Aunt Sally’s distracted musings make for a subtle string accompaniment to the one-woman brass band that is young Shirley Talley (Sarah Lord), a self-consciously precocious 14-year-old with a flair for making grandiose statements of her own worth.
Wilson’s characters are drawn in bold strokes, and the actors embrace their idiosyncrasies with obvious delight. Lord, an 18-year-old new to the New York stage, is delightful in both her gawkiness and her grandiosity as the self-dramatizing Shirley, whose head is still chockfull of the dreamy illusions her seniors have had to forsake.
In a deeply felt, deceptively casual performance, Payton-Wright strikes all sorts of memorably unexpected notes as Aunt Sally, who talks blithely of UFO sightings in one scene and casually discusses the anti-Semitism that tainted her happy marriage in another.
Ebon-Moss Bachrach, as the guitar-playing Wes, whose hazy grasp of folk tales incites that long and unlikely discussion of heroism as it relates to flatulence and the preservation of caribou meat, is aptly dreamy and earnest, Gladis his natural foil as the down-to-earth Jed.
But the core of the play’s understated emotional tension relates to the knot of interrelationships among Gwen, John, Ken and his sister June (Jessalyn Gilsig). They shared a past of student activism and sexual experimentation at Berkeley in the heady years of the late ’60s, but the tangled affections that drew them together eventually forced them apart — with tragic consequences for Ken, who, in one of the play’s most haunting moments, admits he has “never known why” he went to Vietnam shortly after their menage-a-quatre imploded.
Buried resentments and long-dormant desires begin to resurface when they all share the same roof, and emotional firecrackers go off as these longtime friends find themselves suddenly forced to reckon with the painful legacies of their mutual past.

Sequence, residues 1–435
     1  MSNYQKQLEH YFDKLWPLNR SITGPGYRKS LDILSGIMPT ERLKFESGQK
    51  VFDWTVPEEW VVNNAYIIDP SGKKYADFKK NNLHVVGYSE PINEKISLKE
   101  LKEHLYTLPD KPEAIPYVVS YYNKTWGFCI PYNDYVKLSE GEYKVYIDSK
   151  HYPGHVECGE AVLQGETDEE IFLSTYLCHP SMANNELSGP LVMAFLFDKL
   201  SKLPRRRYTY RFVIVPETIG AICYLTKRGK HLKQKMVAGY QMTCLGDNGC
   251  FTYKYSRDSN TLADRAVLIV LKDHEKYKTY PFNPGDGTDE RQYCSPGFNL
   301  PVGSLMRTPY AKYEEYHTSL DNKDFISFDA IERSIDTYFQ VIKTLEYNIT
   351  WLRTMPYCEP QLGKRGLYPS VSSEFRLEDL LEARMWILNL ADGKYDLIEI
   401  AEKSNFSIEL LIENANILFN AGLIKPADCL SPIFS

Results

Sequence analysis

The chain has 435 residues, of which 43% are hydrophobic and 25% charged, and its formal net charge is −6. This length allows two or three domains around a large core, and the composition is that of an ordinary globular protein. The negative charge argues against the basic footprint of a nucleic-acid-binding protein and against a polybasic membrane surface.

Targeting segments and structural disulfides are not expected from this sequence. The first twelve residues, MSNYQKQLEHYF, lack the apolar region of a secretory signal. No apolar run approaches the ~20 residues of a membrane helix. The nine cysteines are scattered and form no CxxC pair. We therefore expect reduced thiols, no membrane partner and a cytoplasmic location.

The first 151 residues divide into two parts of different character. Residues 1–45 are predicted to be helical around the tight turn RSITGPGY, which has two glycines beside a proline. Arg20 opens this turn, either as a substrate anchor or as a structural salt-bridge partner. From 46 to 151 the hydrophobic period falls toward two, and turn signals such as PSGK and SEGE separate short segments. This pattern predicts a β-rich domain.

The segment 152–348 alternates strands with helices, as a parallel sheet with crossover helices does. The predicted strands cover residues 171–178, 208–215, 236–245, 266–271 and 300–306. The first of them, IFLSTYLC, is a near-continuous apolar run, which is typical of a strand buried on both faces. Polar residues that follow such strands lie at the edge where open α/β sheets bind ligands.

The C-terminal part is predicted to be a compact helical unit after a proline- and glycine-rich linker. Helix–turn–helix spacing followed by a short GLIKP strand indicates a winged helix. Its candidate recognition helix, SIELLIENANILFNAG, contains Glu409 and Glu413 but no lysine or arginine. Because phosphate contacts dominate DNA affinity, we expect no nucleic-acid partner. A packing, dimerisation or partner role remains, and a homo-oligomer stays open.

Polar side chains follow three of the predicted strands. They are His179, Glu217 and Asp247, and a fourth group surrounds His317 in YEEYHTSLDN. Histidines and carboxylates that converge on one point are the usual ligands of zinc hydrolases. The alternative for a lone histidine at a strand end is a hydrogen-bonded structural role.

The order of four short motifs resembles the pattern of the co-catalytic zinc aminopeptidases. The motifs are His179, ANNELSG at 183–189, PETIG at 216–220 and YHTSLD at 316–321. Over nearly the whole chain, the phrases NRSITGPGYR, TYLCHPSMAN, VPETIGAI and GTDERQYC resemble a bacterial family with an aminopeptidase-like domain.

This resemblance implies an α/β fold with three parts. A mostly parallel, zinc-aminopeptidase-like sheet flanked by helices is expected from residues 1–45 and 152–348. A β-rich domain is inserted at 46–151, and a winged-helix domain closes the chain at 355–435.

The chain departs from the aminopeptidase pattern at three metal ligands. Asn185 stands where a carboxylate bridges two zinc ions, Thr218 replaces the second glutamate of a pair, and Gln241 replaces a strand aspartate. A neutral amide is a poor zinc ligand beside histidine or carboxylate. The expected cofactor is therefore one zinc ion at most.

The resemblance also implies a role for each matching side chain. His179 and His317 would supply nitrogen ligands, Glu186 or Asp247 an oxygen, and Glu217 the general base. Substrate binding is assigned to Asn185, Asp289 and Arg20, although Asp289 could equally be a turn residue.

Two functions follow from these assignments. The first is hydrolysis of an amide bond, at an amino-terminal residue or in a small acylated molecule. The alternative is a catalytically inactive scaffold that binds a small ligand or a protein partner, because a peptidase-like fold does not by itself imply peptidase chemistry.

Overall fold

Posey has the most flamboyant role, playing the heiress with more money than functioning brain cells, and she dives into it with rollicking abandon, flouncing around with slightly inebriated awkwardness in Ann Hould-Ward’s perfectly placed costumes (where did she find the Gunny Sax dress?).
Posey’s husky, deadpan voice brings an extra fillip of blithe humor to Gwen’s non sequiturs and hilarious reminiscences of the ’60s. (On hitchhiking to protest marches: “I couldn’t cut it. The first car that passed me up, I was destroyed. I used to fly ahead and meet them. Also, I couldn’t march, ’cause I’ve never had a pair of shoes that were really comfortable.”)
But Gilsig and Harbour give equally perceptive, if less overtly theatrical, perfs as the more introverted June and the seemingly easygoing but subtly ruthless John. And the inward despair of Ken is captured with terrific, off-handed simplicity by the ever-impressive Leonard.
Marinated as it is in the sights and sounds of the era it depicts, “Fifth of July” never feels dated; disillusionment is not, after all, an experience exclusive to a particular era.
But the play also has unsettling resonance this year. The lives of its central characters have been fractured, mildly or profoundly, by the disruption of the Vietnam war. As we watch it now, the country is preparing to embark on another major international entanglement that could have unforeseen, devastating consequences on American lives. It’s not just his ideals, after all, that Ken Talley lost in the war.